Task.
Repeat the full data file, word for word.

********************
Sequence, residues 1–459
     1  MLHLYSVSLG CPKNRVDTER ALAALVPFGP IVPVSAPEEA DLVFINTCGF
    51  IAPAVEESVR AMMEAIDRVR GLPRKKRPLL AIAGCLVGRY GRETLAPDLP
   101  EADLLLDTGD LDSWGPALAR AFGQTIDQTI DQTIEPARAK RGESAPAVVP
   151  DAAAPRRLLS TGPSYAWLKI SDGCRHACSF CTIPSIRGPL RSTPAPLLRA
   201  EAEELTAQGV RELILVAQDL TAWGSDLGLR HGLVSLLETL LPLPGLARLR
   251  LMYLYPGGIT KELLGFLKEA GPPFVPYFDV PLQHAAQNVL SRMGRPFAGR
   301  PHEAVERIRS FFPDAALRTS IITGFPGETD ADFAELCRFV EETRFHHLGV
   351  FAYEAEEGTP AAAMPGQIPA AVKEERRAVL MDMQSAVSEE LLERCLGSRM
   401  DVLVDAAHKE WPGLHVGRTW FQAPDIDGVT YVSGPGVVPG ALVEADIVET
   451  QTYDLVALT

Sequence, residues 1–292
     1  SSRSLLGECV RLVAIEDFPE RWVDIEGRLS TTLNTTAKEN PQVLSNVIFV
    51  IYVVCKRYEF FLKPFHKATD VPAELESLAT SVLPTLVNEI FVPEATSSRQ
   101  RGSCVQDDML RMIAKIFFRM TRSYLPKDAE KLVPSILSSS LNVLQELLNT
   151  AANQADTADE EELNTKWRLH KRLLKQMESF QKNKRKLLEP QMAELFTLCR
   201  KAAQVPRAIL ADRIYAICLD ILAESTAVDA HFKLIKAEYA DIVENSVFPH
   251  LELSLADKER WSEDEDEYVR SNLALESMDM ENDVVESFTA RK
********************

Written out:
Sequence, residues 1–459
     1  MLHLYSVSLG CPKNRVDTER ALAALVPFGP IVPVSAPEEA DLVFINTCGF
    51  IAPAVEESVR AMMEAIDRVR GLPRKKRPLL AIAGCLVGRY GRETLAPDLP
   101  EADLLLDTGD LDSWGPALAR AFGQTIDQTI DQTIEPARAK RGESAPAVVP
   151  DAAAPRRLLS TGPSYAWLKI SDGCRHACSF CTIPSIRGPL RSTPAPLLRA
   201  EAEELTAQGV RELILVAQDL TAWGSDLGLR HGLVSLLETL LPLPGLARLR
   251  LMYLYPGGIT KELLGFLKEA GPPFVPYFDV PLQHAAQNVL SRMGRPFAGR
   301  PHEAVERIRS FFPDAALRTS IITGFPGETD ADFAELCRFV EETRFHHLGV
   351  FAYEAEEGTP AAAMPGQIPA AVKEERRAVL MDMQSAVSEE LLERCLGSRM
   401  DVLVDAAHKE WPGLHVGRTW FQAPDIDGVT YVSGPGVVPG ALVEADIVET
   451  QTYDLVALT

Sequence, residues 1–292
     1  SSRSLLGECV RLVAIEDFPE RWVDIEGRLS TTLNTTAKEN PQVLSNVIFV
    51  IYVVCKRYEF FLKPFHKATD VPAELESLAT SVLPTLVNEI FVPEATSSRQ
   101  RGSCVQDDML RMIAKIFFRM TRSYLPKDAE KLVPSILSSS LNVLQELLNT
   151  AANQADTADE EELNTKWRLH KRLLKQMESF QKNKRKLLEP QMAELFTLCR
   201  KAAQVPRAIL ADRIYAICLD ILAESTAVDA HFKLIKAEYA DIVENSVFPH
   251  LELSLADKER WSEDEDEYVR SNLALESMDM ENDVVESFTA RK